6. Write a letter to the poet. You might want to ask them questions, where their inspiration come from etc…
  7. Choose a small selection for inclusion in an anthology & justify your selection. You would choose maybe 3 poems, one to represent each major theme in their ouvre.

Ultimately, however, no matter what the question you are still expected to demonstrate a detailed knowledge of the poet’s themes & style of writing, supporting this with detailed quotations.

There is one more type of question and this is the one which has dominated since 2010:

       8. A specific statement about the poet which you must discuss.

Since 2007, more and more questions have started to appear which demand that you respond to a specific question, discussing to what extent you agree or disagree with it or asking you to prove the truth of the statement (a lot like what you do for the Hamlet question). In 2007 two of the four questions did this (Frost & Plath) while two were personal response. In 2008, two of the four again made a specific statement you had to discuss (Donne & Mahon) while two were more personal response (Larkin & Rich). In 2009 only one was very specific (Walcott) while the other three just specified that you discuss BOTH themes and style in your answer (they talked about a ‘clear’ style for Keats & Montague and a ‘unique’ style for Bishop). As an aside, they keep mentioning the style of writing because a lot of students focus too much on themes (what the poet says) but forget to comment on techniques (how the poet says it) which is vital in any discussion of poetry – including your unseen section.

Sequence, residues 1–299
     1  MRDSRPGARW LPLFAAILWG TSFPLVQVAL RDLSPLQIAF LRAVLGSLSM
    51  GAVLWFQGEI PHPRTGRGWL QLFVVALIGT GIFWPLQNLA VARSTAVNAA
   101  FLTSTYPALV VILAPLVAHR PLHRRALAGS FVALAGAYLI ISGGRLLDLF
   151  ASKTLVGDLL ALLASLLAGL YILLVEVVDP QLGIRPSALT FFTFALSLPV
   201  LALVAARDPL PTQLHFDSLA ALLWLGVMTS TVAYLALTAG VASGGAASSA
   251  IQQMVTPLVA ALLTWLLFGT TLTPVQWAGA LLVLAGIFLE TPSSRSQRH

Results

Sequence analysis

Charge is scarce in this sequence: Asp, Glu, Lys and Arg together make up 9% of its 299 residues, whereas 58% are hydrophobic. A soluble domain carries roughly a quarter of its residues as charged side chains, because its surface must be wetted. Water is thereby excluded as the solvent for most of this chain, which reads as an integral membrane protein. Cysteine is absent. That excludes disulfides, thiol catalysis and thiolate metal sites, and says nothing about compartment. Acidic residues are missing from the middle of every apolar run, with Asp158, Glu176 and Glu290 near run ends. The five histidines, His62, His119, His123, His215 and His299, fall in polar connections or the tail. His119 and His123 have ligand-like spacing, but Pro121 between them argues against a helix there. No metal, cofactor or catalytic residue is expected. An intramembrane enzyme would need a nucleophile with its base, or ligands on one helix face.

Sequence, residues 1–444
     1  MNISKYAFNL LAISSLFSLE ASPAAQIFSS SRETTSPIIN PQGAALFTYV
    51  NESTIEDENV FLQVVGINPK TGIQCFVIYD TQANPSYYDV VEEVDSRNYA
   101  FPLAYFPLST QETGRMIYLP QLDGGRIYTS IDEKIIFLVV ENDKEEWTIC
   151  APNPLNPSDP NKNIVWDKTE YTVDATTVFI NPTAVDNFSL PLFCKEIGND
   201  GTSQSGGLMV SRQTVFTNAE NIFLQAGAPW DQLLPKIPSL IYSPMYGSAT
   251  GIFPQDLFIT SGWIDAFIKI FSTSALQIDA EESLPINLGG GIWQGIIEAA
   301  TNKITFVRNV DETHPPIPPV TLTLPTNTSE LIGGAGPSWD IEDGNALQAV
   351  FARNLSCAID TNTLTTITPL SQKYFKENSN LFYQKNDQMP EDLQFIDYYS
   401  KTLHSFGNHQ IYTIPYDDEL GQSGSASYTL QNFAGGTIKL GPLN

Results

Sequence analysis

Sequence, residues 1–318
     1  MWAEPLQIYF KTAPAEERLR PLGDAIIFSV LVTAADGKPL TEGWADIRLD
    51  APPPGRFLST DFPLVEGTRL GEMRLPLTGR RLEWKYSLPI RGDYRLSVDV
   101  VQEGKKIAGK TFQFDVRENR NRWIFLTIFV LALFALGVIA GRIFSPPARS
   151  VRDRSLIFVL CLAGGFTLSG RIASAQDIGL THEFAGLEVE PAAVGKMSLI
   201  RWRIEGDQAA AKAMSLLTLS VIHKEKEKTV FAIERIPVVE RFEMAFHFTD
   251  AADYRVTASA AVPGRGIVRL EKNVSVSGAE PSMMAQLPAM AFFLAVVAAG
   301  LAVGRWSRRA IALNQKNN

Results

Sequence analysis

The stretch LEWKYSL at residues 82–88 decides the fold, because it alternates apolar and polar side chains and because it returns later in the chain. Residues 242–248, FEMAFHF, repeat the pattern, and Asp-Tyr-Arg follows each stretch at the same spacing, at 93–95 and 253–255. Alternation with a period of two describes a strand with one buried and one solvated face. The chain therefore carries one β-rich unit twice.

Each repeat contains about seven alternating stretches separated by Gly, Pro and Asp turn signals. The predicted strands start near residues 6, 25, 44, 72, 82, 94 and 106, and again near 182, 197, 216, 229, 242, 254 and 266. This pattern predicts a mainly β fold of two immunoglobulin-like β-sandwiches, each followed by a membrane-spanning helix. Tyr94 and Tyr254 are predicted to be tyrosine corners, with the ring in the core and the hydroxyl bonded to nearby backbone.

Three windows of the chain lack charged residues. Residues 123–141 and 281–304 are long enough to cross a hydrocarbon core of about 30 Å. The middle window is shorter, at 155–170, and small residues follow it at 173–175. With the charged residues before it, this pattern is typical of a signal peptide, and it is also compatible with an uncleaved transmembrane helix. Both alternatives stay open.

In 2010 ALL FOUR QUESTIONS mentioned specific aspects of a poet’s work. For Yeats it was real v’s ideal, for Rich it was themes of power and powerlessness, for Kavanagh it was transforming the ordinary into the extraordinary and for Eliot it was troubled characters in a disturbing world. In 2011 ALL FOUR QUESTIONS mentioned specific aspects of a poet’s work. For Yeats it was challenging style and subject matter, for Dickinson it was original startling and thought-provoking poetry, for Boland it was insights and precise language, for Frost it was deceptively simple style with layers of meaning. If you learn off an essay and stick to it rigidly you will not be answering the question (or not be able to answer the question) and the only way you can get a good grade in poetry is to answer the question. In other words, you need to really understand what the poet is about. I hate when students ask me if it’s true that you don’t need to discuss 6 poems in your essay. The simple answer is yes. But if you only know 3 poems by a poet you might not be able to answer the question that comes up. It all depends what appears on the day.